Go - Concurrency and Channels

Contemporary Programming Languages - CS2001 - 9 November 2017

Concurrency

  • When parts of your code are running concurrently, you are often unable to determine when things are going to happen and in what order
  • Be careful

Goroutines

  • A goroutine is a lightweight thread of execution managed by the Go runtime.
    • Independent, concurrent threads of control
    • Share the same address space
    • Different from OS threads
    • When main() returns, the program exits. It does not wait for other goroutines to complete
    • A “go” statement starts the execution of function call as a goroutine
      • Must be a function or method call
      • Unlike a regular call, program execution does not wait for the invoked function to complete.
    package main
    import(
      "fmt"
      "time"
    )
    func say(s string) {
      for i := 0; i < 5; i++ {
        fmt.Print(s)
        time.Sleep(1 * time.Second)
      }
    }
    func main() {
      say("Hello ")
    
      time.Sleep(0.5 * time.Second)
      for i := 0; i < 5; i++ {
        fmt.Println("world!")
        time.Sleep(1 * time.Second)
      }
    }
    
    // Hello Hello Hello Hello Hello world!
    // world!
    // world!
    // world!
    // world!
    
    package main
    import(
      "fmt"
      "time"
    )
    func say(s string) {
      for i := 0; i < 5; i++ {
        fmt.Print(s)
        time.Sleep(1 * time.Second)
      }
    }
    func main() {
      go say("Hello ") // This line changed
    
      time.Sleep(0.5 * time.Second)
      for i := 0; i < 5; i++ {
        fmt.Println("world!")
        time.Sleep(1 * time.Second)
      }
    }
    
    // Hello world!
    // Hello world!
    // Hello world!
    // Hello world!
    // Hello world!
    

Channels

  • Channels are used to communicate between goroutines
  • Your can send and receive over a channel
  • Works like a FIFO queue
  • Unbuffered Chan-communication succeeds only when a sender and receiver are both ready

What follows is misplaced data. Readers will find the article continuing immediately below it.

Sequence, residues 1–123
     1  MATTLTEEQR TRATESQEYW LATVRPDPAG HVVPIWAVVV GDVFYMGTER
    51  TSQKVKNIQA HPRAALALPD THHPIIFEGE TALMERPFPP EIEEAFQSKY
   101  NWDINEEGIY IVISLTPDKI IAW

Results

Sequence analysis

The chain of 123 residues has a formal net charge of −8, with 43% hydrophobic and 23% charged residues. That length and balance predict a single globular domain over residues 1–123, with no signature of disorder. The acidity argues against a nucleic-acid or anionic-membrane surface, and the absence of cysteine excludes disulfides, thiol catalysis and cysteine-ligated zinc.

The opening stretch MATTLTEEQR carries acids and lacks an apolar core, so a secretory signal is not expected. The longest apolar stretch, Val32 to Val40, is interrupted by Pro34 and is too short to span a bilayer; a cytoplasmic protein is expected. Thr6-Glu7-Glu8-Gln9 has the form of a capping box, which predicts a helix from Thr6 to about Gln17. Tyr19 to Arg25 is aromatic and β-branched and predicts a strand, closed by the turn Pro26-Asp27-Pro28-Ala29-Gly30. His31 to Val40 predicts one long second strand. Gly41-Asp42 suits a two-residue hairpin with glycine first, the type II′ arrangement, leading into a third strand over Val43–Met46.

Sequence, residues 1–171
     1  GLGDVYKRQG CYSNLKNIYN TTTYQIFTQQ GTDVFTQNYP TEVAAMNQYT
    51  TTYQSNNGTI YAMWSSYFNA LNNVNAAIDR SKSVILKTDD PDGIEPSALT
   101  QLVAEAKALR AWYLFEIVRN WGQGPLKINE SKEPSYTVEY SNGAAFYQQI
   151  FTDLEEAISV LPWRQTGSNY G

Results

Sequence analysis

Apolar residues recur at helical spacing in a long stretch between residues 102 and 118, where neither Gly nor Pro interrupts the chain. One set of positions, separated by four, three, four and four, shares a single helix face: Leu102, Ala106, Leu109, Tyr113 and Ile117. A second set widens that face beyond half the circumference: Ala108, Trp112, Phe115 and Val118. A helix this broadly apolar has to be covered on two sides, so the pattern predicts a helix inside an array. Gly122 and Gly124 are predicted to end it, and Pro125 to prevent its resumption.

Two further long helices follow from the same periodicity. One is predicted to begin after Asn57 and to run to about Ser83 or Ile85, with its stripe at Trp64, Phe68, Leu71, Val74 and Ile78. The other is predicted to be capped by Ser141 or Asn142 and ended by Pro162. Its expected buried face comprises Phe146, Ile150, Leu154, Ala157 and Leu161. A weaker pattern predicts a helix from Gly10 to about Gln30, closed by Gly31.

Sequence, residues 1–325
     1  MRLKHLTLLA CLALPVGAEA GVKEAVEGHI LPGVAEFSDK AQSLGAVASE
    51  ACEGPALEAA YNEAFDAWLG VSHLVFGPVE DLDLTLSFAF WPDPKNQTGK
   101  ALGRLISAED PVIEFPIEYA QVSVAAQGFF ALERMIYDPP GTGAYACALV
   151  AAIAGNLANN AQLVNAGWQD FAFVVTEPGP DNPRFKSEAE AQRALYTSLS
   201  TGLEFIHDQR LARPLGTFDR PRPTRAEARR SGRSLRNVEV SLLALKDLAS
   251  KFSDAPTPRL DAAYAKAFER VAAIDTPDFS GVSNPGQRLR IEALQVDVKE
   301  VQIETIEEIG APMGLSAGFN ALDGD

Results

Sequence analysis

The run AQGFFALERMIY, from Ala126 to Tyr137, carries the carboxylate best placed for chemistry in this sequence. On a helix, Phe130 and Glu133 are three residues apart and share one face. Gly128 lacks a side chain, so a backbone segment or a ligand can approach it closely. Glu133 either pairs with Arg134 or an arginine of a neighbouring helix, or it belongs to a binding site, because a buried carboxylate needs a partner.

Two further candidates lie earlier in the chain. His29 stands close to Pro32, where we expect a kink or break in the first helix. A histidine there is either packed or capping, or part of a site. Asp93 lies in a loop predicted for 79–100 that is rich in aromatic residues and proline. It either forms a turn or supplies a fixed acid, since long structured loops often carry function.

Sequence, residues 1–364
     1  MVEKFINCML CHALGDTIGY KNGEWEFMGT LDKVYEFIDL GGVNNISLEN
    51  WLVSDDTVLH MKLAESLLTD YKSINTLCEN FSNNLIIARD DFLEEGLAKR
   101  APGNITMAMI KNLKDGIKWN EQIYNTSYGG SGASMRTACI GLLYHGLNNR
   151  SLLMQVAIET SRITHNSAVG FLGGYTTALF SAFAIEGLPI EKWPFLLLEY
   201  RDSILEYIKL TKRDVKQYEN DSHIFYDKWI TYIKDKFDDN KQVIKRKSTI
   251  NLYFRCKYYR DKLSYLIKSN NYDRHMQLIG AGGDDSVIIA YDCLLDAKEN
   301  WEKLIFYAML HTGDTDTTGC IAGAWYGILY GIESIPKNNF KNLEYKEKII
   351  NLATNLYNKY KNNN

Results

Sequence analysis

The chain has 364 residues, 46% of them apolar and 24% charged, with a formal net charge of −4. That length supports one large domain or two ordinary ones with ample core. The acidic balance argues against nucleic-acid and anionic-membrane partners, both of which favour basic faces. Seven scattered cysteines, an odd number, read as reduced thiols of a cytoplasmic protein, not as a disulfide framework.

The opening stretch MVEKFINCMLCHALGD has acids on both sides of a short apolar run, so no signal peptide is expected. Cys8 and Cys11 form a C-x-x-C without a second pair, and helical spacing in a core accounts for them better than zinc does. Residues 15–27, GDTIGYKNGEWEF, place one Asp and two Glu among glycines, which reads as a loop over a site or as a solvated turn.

• Buffered Chan-communication succeeds without blocking if the budder is not full (sending) or not empty (receiving)
  • Zero value is nil
  • Initialized with make()
Sending/Receiving w/ an Unbuffered Chan
func print(strings chan string) {
  for {
    x := <-strings
    fmt.Println(x)
    // fmt.Println(<-strings) is the idiomatic way
  }
}
func main() {
  c := make(chan.string) // Unbuffered channel
  go print(c)
  c <- "apple"
  c <- "banana"
  c <- "carrot"
}

// apple
// banana
// carrot
func main() {
  c := make(chan string)
  c <- "apple" // wait here forever
  fmt.Println(<-c)
}
Sending/Receiving w/ a Buffered Chan
c := make(chan string, 10)
c <- "apple"
c <- "banana"
c <- "carrot"
fmt.Println(<-c)
fmt.Println(<-c)
fmt.Println(<-c)
fmt.Println(<-c) // deadlocks here (Go will panic)
package main
import(
  "bufio"
  "fmt"
  "io"
  "os"
)
func countWords(reader io.Reader, counts chan int) {
  scanner := bufio.NewScanner(reader)
  scanner.Split(bufio.ScanWords)
  count := 0
  for scanner.Scan() {
    count++
  }
  if err := scanner.Err(); err != nil {
    fmt.Println(err)
  }
}
func main() {
  files := []string {"data1.txt", "data2.txt"}
  counts := make(chan int)
  openCount := 0
  for _, fname := range files {
    file, err := os.Open(fname)
    if err != nil {
      fmt.Println("Couldn't open", fname)
    } else {
      defer file.Close()
      go countWords(file, counts)
      openCount++
    }
  }
  for i := 0; i < openCount; i++ {
    fmt.Println(<-counts)
  }
}
func countWords2(name string, success chan bool) {
  file, err := os.Open(name)
  if err != nil {
    fmt.Println(name, err)
    success <- false
    return
  }
  defer file.Close()
  scanner := bufio.NewScanner(file)
  scanner.Split(bufio.ScanWords)
  count := 0
  for scanner.Scan() {
    count++
  }
  if err := scanner.Err(); err != nil {
    fmt.Println(err)
    success <- false
    return
  }
  fmt.Println(name, count)
  success <- true
}
func main() {
  files := []string {"data1.txt", "data2.txt"}
  s := make(chan bool)
  for _, f := range files {
    go countWords2(f, s)
  }
  for i := 0; i < len(files); i++ {
    <- s
  }
}